They have also embarked on the fight against corruption. So, to say, the President has lost focus, I don’t agree. That there was no blue print, no doubt. If there was a blue print, he would have shown us the way to go. And for me to properly assess the President, it would be the end of June 2017. Then, it would have been two years. If you use one year to lay foundation, what have you been able to build on the foundation?
From your experience as a former Mines and Steel Development Minister, how can government tap the potential in that sector to augment its earnings?
There are two issues that are involved. A lot of people don’t appreciate the fact, that governments all over the world do not get directly involved in business activities anymore. So, gone were those days, when the tin mining in Jos was a government thing and other mining activities were more of government activities. The world has since moved away from that, into mining by the private sector. In 1960s, oil exploration was being done by government, but as at today, it is done along with oil majors and others.
So, in the same way, for us to move forward in the sector, it has to be private sector-driven because all over the world, the government has no business being in business. If private capital would come, enabling environment must be created, because investing capital has competing demands from various countries. As an investor, two issues are important, security of capital and interest on capital. Whatever capital you have needs to be secured. Secondly, you cannot invest in a project that will not make profit.
In fact, in our economics class of those days, the interest on capital is profit. If your capital is secured and would not earn interest, that private capital would not be invested. There is also security concerns; I am quite sure nobody wants to bring his money here only to be kidnapped. So, there are issues. All the issues that relate to creating the enabling climate for the inflow of private capital in the mining sector must be well addressed. And when they are addressed, this private capital would be available.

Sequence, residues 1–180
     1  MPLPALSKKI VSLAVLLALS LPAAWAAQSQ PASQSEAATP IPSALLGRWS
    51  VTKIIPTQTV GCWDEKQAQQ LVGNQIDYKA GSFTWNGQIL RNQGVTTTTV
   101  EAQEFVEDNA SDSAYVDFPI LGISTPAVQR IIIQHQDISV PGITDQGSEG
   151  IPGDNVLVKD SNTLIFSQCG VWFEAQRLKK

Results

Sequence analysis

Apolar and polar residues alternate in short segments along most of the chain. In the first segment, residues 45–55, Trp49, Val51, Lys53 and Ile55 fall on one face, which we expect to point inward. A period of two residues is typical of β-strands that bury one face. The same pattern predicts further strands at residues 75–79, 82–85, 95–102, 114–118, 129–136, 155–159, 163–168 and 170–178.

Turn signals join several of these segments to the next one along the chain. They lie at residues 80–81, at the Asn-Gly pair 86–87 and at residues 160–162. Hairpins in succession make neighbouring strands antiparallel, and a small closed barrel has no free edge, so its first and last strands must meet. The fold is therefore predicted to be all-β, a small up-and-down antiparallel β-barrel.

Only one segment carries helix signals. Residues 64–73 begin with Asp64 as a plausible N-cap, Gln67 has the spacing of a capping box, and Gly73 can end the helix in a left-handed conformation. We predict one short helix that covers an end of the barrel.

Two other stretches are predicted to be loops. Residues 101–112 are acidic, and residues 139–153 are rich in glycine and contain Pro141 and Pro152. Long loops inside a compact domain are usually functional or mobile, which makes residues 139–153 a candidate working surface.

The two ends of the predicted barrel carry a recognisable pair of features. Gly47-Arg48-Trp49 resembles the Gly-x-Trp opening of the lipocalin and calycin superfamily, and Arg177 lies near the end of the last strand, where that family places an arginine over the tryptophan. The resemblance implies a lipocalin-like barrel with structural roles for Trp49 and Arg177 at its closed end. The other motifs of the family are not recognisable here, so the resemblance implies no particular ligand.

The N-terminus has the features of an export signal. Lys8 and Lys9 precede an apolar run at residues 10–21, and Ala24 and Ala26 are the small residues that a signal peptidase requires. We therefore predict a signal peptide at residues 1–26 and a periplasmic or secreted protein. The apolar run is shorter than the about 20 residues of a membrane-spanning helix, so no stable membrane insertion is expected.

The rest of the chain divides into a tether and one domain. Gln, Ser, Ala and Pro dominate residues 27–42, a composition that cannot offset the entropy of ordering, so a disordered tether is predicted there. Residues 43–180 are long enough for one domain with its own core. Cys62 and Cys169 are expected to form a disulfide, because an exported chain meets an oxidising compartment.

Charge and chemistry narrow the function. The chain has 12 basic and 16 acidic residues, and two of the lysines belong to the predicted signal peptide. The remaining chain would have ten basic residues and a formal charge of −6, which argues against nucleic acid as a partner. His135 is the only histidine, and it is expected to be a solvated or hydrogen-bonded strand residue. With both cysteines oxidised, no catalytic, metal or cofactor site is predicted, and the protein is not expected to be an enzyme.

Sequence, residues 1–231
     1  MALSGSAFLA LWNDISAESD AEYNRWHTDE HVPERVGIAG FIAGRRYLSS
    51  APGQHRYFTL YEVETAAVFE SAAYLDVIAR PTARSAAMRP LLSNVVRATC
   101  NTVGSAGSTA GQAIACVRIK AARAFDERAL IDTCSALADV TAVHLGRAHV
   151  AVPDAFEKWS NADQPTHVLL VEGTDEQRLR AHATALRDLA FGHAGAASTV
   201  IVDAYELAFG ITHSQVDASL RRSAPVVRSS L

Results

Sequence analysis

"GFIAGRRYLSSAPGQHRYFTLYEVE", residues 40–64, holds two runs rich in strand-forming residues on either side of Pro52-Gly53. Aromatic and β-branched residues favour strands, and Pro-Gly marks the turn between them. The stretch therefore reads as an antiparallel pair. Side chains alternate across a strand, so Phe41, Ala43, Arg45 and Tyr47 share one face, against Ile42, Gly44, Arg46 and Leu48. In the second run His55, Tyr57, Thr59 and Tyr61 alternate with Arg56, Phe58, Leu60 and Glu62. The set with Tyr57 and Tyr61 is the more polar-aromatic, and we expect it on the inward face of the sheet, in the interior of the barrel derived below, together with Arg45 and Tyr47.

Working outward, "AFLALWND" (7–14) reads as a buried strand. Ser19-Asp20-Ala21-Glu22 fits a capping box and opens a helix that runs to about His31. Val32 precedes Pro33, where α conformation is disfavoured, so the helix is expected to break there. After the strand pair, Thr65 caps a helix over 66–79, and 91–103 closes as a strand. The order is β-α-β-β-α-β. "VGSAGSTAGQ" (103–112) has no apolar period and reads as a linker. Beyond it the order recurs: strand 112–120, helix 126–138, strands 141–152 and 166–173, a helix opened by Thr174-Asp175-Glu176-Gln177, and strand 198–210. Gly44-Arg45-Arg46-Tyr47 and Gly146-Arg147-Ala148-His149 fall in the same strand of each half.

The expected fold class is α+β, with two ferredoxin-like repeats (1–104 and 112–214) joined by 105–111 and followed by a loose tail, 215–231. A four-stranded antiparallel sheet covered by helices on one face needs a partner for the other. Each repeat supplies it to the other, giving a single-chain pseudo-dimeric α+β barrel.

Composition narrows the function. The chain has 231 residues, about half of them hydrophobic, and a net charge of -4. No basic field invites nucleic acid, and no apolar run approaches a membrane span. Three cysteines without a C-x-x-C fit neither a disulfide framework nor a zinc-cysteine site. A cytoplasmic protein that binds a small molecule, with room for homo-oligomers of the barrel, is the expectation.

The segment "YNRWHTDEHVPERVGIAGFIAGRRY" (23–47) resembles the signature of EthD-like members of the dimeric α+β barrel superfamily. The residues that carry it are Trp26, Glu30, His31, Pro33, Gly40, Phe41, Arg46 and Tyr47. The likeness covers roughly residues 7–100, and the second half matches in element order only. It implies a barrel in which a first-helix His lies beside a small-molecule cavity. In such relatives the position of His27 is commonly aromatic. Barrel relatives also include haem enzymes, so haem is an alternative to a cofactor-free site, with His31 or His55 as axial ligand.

Mining is neither an on-the-shelve programme nor quick wins. Some of the actions of this government in mining may not come to fruition in the life of this administration. Mining is in stages. Exploration may take many years. Mines development would also take years. Infrastructure to back up the mining sites, would also take some period. Altogether, the successful completion of mining sites may also outlive the lifespan of this administration. Nevertheless, it would be on record that they laid a legacy. So, these things do not come overnight, like many people think. Once the environment is not conducive, they would not come at all.
Would you subscribe to the sale or privatisation of Ajaokuta or Oshogbo Steel Rolling Mills, if that would address the problems?
I have told you that government has no business being in business. If the government should get involved, it can only be through private-public partnership. As a student of management, in taking decisions of this nature, there is what we call developing alternative courses of actions. Analyse the merits and demerits of possible alternatives. And then come to a sound judgment. Are we better off with private-public partnership or are we better off with commercialisation? Are we also better off through privatisation? Then, you will look at all available options before you decide on the best. It is not a street talk. It has to do with the provisions of relevant data. So, I am an apostle of government has-no-business-in-business. If government must have business in business, it can come through other windows, not monopoly, not absolute ownership.